A leader lies in wait within you. Your leader wants to emerge to help you achieve more success and significance. Success, in my view, is measured in terms such as your accomplishments and material gain. In contrast, significance is determined by your positive impact on others and on the infrastructure and environment. Success has to do with “stuff” while significance is all about substance -- the good you do for others.
You Produce, You Manage, and You Can Also Lead
You are adept at producing, that is, others assign tasks to you confident that they will be effectively and efficiently completed. You are also demonstrating managing knowledge, skills, and attitudes. For example, when assigned a project, you competently determine the approach and process, assemble the team, and engage them in achieving the desired results—the deliverables—within schedule and budget constraints.
While you value and will continue to apply your producing and managing knowledge, skills, and attitudes, you are beginning to see an even higher and more influential role, the leading role. Personal reflection reveals that the producer within you concentrates on “doing,” that is, effectively and efficiently completing assigned tasks. The manager within you concentrates on “how,” that is, determining the means of achieving an objective or result as established by others and then guiding the process.
In contrast, and as a logical extension of producing and managing, the leader within you, if you release it, could focus on engaging others in envisioning and then creating the future. To lead means to identify and move toward the “what,” as in what will be our organization’s next major initiative, or the “where,” as in where do we want to go next?
To lead means to understand the present while engaging others in imagining and moving toward a very different, much-improved future. Clearly leadership is needed. More importantly, it is wanted by many as explained by lecturer and writer Ralph Waldo Emerson when he said, “Our chief want is someone who will inspire us to be what we could be.”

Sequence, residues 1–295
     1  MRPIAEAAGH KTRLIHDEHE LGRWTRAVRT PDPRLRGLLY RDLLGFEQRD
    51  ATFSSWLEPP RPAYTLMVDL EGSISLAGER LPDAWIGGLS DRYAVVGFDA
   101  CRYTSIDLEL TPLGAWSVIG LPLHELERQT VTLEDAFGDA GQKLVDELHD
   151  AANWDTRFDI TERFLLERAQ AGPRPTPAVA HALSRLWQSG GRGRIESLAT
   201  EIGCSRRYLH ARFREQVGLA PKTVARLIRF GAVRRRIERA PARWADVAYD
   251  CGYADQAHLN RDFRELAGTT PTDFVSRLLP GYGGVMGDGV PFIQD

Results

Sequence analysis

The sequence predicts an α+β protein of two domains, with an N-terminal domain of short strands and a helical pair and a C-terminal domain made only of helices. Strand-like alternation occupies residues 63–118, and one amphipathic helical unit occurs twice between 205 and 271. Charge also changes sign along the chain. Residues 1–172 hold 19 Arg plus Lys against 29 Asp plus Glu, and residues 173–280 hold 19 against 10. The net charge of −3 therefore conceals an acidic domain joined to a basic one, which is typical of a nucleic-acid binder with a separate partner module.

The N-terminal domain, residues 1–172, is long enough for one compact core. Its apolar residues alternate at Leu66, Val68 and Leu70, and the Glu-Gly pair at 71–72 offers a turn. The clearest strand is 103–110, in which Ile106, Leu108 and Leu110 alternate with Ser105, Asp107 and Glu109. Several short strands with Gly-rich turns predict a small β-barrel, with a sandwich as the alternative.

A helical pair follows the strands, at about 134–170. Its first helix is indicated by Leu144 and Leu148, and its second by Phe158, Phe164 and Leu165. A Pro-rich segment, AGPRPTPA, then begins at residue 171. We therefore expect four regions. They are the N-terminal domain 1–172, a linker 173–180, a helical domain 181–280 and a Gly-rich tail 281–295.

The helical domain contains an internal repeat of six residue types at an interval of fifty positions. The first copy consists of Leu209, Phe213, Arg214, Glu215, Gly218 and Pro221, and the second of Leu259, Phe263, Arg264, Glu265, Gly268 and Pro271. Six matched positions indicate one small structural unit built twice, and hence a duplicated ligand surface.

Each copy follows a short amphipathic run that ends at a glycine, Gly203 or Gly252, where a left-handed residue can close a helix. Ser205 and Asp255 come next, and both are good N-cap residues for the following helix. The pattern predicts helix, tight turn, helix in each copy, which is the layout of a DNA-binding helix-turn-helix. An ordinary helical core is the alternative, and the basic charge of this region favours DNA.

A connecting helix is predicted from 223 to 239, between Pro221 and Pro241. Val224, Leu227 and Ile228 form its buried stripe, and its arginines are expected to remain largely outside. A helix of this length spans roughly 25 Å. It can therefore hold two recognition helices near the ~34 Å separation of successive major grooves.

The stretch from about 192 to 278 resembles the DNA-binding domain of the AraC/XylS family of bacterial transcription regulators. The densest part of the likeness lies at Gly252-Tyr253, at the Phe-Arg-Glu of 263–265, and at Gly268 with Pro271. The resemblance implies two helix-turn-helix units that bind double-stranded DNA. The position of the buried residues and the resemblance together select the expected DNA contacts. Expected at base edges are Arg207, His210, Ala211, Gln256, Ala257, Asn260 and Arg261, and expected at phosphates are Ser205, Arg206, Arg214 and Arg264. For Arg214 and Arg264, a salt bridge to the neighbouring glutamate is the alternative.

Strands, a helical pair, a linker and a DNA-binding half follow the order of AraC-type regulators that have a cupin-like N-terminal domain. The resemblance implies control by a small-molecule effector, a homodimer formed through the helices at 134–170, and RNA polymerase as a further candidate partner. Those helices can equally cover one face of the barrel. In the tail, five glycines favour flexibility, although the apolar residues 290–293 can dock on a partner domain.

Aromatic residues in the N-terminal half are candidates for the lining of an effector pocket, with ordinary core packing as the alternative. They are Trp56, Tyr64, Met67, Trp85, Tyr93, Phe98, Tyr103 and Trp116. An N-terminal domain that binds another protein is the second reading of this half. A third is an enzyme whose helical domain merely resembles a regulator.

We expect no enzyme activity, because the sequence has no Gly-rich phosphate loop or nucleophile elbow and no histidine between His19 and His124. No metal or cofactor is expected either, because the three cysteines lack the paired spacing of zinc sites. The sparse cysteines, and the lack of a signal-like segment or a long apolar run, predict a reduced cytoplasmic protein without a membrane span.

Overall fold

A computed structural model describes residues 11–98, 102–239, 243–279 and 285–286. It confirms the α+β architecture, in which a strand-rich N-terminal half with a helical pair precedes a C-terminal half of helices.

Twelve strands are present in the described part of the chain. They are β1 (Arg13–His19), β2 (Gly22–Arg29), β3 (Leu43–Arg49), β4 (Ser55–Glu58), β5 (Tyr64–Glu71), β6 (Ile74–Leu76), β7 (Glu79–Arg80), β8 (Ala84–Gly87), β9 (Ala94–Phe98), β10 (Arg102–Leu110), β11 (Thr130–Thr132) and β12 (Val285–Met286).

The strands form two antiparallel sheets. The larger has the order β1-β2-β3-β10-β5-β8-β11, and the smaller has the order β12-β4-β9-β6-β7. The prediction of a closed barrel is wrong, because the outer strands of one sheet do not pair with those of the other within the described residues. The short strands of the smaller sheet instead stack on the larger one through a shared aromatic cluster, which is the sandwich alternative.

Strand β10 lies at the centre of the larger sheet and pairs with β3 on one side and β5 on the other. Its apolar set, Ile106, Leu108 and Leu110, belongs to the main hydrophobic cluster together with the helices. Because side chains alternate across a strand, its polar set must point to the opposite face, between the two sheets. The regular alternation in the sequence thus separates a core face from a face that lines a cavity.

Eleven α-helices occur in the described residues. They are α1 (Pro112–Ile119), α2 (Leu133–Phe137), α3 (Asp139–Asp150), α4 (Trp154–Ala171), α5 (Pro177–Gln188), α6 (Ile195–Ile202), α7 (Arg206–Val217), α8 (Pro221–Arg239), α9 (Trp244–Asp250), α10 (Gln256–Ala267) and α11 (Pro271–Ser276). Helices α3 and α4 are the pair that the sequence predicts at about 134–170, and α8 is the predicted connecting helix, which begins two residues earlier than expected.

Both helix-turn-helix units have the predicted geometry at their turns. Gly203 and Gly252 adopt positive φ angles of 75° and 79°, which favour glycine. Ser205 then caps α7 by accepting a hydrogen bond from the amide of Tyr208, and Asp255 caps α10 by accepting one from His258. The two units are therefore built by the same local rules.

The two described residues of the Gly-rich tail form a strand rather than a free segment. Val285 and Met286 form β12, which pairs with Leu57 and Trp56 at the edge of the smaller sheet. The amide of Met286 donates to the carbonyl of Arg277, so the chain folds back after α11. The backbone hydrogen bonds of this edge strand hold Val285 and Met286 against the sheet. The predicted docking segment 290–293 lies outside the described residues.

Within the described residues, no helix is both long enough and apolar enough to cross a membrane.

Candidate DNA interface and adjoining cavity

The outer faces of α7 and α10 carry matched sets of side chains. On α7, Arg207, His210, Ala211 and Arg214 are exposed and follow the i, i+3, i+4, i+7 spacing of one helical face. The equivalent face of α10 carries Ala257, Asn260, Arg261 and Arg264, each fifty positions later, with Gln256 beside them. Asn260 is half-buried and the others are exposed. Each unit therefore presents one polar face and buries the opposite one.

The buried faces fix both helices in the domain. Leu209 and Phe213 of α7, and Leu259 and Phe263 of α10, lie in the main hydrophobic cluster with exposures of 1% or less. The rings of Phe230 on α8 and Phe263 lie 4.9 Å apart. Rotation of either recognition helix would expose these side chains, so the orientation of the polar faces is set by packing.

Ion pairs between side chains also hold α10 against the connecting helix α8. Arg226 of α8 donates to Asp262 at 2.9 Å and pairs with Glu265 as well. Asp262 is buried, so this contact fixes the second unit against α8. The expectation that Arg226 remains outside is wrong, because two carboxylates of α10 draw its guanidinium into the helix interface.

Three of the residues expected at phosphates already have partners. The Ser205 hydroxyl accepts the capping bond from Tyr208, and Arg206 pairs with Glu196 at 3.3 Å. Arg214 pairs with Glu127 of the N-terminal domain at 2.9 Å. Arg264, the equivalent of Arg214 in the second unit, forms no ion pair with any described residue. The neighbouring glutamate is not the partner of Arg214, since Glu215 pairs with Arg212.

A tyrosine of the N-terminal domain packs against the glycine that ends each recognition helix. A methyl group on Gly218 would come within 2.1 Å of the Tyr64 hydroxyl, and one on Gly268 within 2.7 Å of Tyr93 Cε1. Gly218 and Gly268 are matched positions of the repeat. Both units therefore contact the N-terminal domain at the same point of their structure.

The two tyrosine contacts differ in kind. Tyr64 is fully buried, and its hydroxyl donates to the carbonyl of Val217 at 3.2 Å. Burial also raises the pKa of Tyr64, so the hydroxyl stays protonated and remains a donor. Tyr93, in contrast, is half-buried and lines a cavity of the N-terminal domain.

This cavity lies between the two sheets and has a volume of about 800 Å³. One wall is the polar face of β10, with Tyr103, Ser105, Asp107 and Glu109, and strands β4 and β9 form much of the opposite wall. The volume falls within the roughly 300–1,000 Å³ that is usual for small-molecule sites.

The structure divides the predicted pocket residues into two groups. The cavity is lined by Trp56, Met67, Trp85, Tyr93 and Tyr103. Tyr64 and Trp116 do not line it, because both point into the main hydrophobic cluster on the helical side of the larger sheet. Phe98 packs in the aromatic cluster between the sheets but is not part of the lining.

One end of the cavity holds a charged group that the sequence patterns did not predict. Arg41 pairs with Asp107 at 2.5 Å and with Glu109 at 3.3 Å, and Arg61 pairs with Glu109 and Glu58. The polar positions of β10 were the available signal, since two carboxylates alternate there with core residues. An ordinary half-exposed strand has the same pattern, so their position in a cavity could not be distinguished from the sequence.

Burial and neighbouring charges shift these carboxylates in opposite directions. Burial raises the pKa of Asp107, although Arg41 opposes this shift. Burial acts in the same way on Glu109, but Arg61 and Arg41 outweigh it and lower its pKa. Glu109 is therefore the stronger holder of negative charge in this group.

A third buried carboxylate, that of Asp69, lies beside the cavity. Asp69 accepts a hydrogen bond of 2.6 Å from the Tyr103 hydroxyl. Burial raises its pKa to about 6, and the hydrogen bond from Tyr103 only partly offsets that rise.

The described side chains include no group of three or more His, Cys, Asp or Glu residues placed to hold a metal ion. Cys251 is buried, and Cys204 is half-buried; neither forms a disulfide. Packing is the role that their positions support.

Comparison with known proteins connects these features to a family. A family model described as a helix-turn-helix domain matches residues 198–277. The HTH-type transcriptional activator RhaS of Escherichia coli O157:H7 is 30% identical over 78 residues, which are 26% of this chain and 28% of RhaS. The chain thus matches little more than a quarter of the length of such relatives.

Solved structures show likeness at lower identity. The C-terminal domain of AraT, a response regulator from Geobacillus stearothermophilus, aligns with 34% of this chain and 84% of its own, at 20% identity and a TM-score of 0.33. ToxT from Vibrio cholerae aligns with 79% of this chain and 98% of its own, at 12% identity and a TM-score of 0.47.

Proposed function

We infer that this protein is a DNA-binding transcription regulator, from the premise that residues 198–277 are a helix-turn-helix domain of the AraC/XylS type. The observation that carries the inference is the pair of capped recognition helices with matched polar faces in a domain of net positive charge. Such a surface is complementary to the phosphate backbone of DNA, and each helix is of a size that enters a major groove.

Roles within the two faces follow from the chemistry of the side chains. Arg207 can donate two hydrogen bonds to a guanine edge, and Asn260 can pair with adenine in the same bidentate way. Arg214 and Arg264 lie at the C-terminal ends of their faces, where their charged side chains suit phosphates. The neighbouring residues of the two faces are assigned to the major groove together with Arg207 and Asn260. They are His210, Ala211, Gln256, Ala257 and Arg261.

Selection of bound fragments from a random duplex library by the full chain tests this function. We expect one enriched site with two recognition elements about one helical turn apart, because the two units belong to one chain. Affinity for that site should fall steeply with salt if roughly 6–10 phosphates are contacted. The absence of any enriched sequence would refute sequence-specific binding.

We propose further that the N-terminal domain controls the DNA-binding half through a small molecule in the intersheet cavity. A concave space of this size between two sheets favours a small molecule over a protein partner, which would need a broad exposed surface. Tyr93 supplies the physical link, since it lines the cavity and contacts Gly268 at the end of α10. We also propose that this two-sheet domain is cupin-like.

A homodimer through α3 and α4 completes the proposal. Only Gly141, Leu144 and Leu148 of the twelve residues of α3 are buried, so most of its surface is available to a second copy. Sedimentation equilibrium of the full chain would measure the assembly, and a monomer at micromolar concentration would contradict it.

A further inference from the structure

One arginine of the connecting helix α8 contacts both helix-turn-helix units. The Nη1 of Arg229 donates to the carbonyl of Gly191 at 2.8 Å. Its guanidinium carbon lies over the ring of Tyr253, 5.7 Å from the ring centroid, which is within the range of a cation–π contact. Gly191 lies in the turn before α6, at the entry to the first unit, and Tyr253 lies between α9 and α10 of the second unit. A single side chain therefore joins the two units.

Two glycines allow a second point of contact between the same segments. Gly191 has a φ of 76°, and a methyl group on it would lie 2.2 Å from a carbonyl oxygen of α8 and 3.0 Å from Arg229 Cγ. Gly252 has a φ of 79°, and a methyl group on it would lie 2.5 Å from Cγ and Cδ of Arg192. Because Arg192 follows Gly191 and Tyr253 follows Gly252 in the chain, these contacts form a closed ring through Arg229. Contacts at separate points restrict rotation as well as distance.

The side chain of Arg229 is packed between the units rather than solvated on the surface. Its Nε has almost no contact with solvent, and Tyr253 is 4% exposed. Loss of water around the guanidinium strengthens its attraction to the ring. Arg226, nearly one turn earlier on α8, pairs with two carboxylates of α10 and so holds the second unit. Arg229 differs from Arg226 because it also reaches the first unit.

You When the Leader is Released
You are beginning to converse with the latent, if not stirring, leader within you. You and that leader increasingly realize that the leader within, when released:
- Values producing, managing, and leading within himself or herself and the ability to “mix and match” them as needed, sometimes leading, sometimes managing, and sometimes producing.
- Strives to practice honesty and integrity, that is and simply put, tell the truth and do what one says one will do, recognizing that these two qualities are the basis for earning the trust of others.
- Recognizes the need to be what we expect of others in keeping with the wisdom of Mahatma Gandhi’s thought “Be the change you want to see in the world.”
- Listens respectfully, attentively, and empathetically to what others say while carefully watching what they do and valuing those whose actions and words are aligned.
- Appreciates those who have gone before and what they have accomplished to provide the world of today and views those contributions as an obligation and challenge to do at least as much for tomorrow.
- Believes that there are only two futures for individuals and organizations, the one they create for themselves or, in the “vacuum” of inaction or reaction, the future others create for them.
- Persists uncompromisingly toward a vision while being open to modifying the tactics needed to achieve the vision.
- Views problems as opportunities, mistakes as lessons learned, and failures as temporary setbacks while suspecting that those who experience few problems, mistakes, and setbacks have aimed too low.
- Promotes inclusiveness that is, invites actual and perceived stakeholders and thoughtful critics and opponents, as well as thoughtless detractors, to join the discussion and to responsibly and convincingly articulate their views.
- Encourages transparency, that is, defines and publicizes processes to be followed; precedes meetings with agendas and follows them with minutes or summaries; and documents decisions, action items, lessons learned, and team accomplishments.